: state:
: 	start subexp mark: boolean: start saving with this token
: 	end subexp mark: boolean: stop saving after this token
: 	closure: continuation: sub(RXContext $cx) returns(RXToken)

We also have the <{ $subregex }> form that has to be able to evaluate
a rule returned by a closure.

: For a state to be equivalent to another state, it must satisfy:
: 	state1.terminal == state2.terminal
: 	state1.start_mark == state2.start_mark
: 	state1.end_mark == state2.end_mark
: 	state1.closure == state2.closure
: and, of course, the normal recursive comparison of all transitions and
: the states they target.

I think you also have to consider *which* start and end you're saving here.
Don't want to mix up your paren counts...

Also have to allow saves to named variables.

: This allows for transformation and minimization of the FSA as well as
: arbitrary code execution. The obvious drawback is something that you've
: pointed out several times: the code may be executed many times, not at
: all or may be executed and then backtracked over (and then re-executed
: or not). This makes side-effects dangerous and unpredictable, but I
: think that's OK.

What I have said is that the ordinary side-effect form (bare closure)
must run at the canonical time for its location in the regex, even
if that disables certain optimizations.  The conditional form and
the regex returning form may be optimized away.

: I do think that in Perl, we'll want to add a backtrack API though so
: that you can do this:
: 	rule newuser {
: 	  user:(\w+) ssid:(\w+)
: 	  {
: 		db_exec("begin transaction");
: 		let $uid = db_exec("create_user($1,$2)");
: 			db_exec("rollback transaction")
: 		}
: 	  }
: 	  department:(\S+)
: 	  {
: 		my $dpid = get_department($1) and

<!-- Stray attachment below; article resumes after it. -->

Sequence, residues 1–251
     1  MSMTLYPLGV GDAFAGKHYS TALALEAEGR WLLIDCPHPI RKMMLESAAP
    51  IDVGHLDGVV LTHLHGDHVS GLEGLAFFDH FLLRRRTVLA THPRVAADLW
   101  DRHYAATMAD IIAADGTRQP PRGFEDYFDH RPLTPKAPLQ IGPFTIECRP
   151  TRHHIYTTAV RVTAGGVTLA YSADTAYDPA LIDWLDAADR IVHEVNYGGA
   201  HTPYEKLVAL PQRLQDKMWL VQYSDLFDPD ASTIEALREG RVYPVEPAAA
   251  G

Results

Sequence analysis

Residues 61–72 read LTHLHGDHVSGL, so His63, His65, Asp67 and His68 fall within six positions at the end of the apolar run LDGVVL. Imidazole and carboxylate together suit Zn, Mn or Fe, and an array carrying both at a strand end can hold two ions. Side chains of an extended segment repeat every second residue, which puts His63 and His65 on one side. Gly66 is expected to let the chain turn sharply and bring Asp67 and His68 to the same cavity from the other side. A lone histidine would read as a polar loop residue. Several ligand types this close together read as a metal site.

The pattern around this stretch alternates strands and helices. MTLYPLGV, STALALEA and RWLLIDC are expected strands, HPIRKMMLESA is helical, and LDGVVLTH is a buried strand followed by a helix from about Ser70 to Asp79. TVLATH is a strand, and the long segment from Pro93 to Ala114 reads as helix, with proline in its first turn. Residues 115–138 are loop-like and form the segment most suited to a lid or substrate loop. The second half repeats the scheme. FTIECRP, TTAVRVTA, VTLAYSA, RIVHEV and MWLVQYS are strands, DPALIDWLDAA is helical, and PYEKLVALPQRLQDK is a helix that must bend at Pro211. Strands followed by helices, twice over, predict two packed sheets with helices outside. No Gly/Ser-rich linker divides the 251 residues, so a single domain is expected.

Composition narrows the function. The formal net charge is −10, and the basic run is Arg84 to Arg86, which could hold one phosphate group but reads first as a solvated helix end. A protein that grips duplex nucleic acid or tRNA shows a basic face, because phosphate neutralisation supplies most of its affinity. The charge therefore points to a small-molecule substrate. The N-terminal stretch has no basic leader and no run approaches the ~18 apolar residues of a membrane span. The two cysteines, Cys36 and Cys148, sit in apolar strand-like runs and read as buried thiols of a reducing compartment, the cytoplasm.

: 			db_exec("assign_dept($uid, $3)") and
: 		  	db_exec("commit transaction");
: 	  }
: 	}

Um, that's what UNDO already is supposed to do.  Closures embedded
in rules logically return when backtracked over, and UNDO is already
set up to roll back on failure.

: These examples only use a true/false return from the closure, which may
: be all Perl allows for,

That's one of the things Perl doesn't allow for.  :-)

Perl allows you to return only

    success (void context)
    failure exception
    subrule to match

(I'm assuming <(cond)> is translated by the parser to {(cond) or fail}.)

: but the FSA itself will allow a closure to
: "match" any token (as if it had been in the input stream) by returning
: it (the token is consumed, but is translated to the empty string for
: purposes of sub-expressions and other "memory").

Matching one token seems relatively useless to me.  A closure typically
wants to match either 0 tokens or a sequence of tokens.

: Its important to keep
: this separate in concept from actually causing the FSA to transition to
: a target state (which the closure cannot do).

The closure must be able to change the current "pos" at least.  I don't
think it necessarily has to be able to pick the next state.  But it does
have to have access to the current $0 match state object.

: I can't think of a syntax
: off the top of my head for taking advantage of that, but its certainly
: something to bear in mind.
: Larry et al., please let me know if this is in line with The Plan, as
: I'd like the first pass to be sufficient to implement Perl 6 rxes, so
: that even if the whole thing has to be re-written, at least we have a
: framework and API.

Be sure to keep in touch with Patrick and Luke, who are coming at this
from the direction of the Perl 6 parser.